Early or latent phase of labour is typically characterised by painful contractions, some degree of cervical effacement and cervical dilatation. The literature states cervical dilatation is typically less than 4-6cm.3 For purposes of this guideline the WHO 2018 definition will be accepted as dilation up to 5cm for first and subsequent labour. Some women may believe they are in active labour and may find this phase confusing and exhausting. Care providers should be aware of and acknowledge this, offering reassurance and support.

    • Support the woman to return home until labour establishes, providing she feels safe and confident to do so and according to her individual needs, wishes and circumstances.
    • Reassure the women that she can return to hospital at any time if she is anxious or unable to manage her pain.


    • what to expect in the latent phase and how to recognise established labour 
    • recognition of ruptured membranes, normal and abnormal vaginal loss.

    Advise the woman:

    • to rest if feeling tired, take light meals and keep hydrated
    • that mobilising may help contractions to establish
    • about comfort and pain management strategies
    • If the woman chooses to return home, ensure she is aware of when to call or re-present to the hospital
    • Encourage the woman to attend if early labour exceeds: 
      • 20 hours (primip) 
      • 14 hours (multip)
    • Document an agreed, ongoing management plan in the woman’s medical record.

    Note: Cervical dilatation should not be the sole determinant of safety to return home or admission for ongoing care. An assessment of contractions and the woman’s behaviour and wishes are important considerations

    Active first stage of labour

    Active labour is traditionally defined as commencing between 4cm and 5cm of cervical dilatation, although increasing evidence suggests that some women may not be in active labour before 6cm dilation.6 For the purpose of this guideline the World Health Organisation 2018 3 active labour definition will be recommended for practice as a period of time characterised by regular painful uterine contractions, a substantial degree of cervical effacement and more rapid cervical dilatation from 5cm until full dilation. 

    Expected progress

    • Duration of the first stage may be up to: 
      • 12 hours for nulliparous women
      • 10 hours for multiparous women.
    • Progress may include:
      • cervical dilatation
      • cervical effacement
      • descent of the presenting part (confirmed by abdominal or vaginal examination)
      • increasing strength and duration of contractions.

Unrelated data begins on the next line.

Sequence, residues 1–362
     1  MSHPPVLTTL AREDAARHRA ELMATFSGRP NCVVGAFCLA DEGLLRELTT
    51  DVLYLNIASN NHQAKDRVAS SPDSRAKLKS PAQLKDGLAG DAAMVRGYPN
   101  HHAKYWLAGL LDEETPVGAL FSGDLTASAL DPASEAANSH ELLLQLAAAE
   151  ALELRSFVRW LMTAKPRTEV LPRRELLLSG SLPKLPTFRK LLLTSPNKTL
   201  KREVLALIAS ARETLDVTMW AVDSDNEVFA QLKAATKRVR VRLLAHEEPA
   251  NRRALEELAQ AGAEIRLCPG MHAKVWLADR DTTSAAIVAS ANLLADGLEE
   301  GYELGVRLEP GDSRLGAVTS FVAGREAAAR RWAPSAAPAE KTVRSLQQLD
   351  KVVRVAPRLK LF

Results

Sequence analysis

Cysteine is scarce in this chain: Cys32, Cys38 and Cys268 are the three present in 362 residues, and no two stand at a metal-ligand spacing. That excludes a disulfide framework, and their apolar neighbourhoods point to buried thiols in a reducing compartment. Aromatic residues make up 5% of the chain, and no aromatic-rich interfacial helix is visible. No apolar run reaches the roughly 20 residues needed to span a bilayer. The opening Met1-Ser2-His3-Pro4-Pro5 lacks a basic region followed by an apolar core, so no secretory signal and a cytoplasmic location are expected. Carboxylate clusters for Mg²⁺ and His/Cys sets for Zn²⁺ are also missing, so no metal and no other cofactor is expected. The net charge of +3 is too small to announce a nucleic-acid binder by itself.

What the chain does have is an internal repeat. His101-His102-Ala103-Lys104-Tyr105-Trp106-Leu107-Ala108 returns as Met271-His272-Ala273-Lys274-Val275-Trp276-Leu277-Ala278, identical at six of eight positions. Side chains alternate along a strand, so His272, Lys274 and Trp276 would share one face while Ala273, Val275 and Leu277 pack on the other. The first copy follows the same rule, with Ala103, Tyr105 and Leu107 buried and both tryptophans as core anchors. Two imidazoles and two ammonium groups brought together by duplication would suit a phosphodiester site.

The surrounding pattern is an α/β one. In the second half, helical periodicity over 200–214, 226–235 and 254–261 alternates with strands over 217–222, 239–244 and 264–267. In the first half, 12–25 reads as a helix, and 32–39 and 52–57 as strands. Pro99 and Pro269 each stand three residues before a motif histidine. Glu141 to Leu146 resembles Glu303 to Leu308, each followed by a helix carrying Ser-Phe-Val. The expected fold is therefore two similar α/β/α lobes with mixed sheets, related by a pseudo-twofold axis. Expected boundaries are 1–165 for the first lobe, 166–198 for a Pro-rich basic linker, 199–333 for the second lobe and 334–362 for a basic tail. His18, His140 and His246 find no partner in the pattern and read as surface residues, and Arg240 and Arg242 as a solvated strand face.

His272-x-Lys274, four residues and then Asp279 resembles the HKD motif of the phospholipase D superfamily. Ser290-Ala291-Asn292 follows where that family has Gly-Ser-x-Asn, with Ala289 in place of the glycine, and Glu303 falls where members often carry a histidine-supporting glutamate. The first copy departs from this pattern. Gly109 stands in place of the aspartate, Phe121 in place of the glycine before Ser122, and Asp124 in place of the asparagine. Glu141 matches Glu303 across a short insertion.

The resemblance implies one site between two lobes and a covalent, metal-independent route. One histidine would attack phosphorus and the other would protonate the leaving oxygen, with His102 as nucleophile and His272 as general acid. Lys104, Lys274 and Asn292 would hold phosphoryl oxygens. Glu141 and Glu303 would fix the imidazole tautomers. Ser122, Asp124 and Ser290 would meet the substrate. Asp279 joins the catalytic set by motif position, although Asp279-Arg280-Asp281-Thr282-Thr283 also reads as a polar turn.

The use of amniotomy to check liquor colour or for prevention of delay in labour in an otherwise uncomplicated pregnancy and labour, is not recommended.3

    Active first stage of labour flowchart - quick reference guide

    Maternal observations

    • Every 30 minutes: 
      • palpate uterine activity for 10 minutes and document frequency, strength and length of contractions, being mindful of sufficient uterine rest between contractions (60-90 seconds minimum).
      • check and document maternal pulse/heart rate (HR). If continuous EFM is being used ensure maternal pulse is differentiated from fetal heart rate and it is documented on the CTG.
      • check vaginal loss – liquor, blood.
    • Every 2 hours (and prior to each vaginal examination): abdominal palpation.
    • Every 2-3 hours encourage bladder emptying and consider urinalysis.
    • Every 4 hours, or more frequently as indicated, check: 
      • blood pressure (BP) 
      • temperature
      • respiratory rate (RR) 
      • Offer a vaginal examination to assess labour progress. Vaginal examination may also be indicated prior to administration of a narcotic, siting of an epidural for analgesia, to confirm full cervical dilatation (if in doubt) or in response to the woman’s wishes – however it is important to note that vaginal examinations more frequently than every four hours could potentially increase the risk of infection for both the mother and baby.7
    • When there are concerns regarding abnormal observations, the progress of labour or the fetal heart rate, escalate according to local policy, while offering reassurance and using honest but positive language. 

    Indications for consultation or escalation during the first stage of labour:

    Active first stage of labour flowchart - quick reference guide
    National Midwifery Guidelines for Consultation and Referral

    Second stage of labour

    The second stage of labour is from full cervical dilatation (10cm) to the birth of the baby. When the 2nd stage of labour is suspected or confirmed, ensure other clinicians required to attend the birth are made aware. Provide supportive care to the woman as she transitions to the 2nd stage. 

    Preparation for the 2nd stage of labour

    • Ensure all equipment required for birth and neonatal resuscitation is in the room and checked prior to the 2nd stage. Explain to the woman and her support people why any equipment or extra clinicians may be required in the room to help relieve any anxiety.
    • Ensure appropriate clinicians are present for the birth, based on maternal or neonatal risk factors.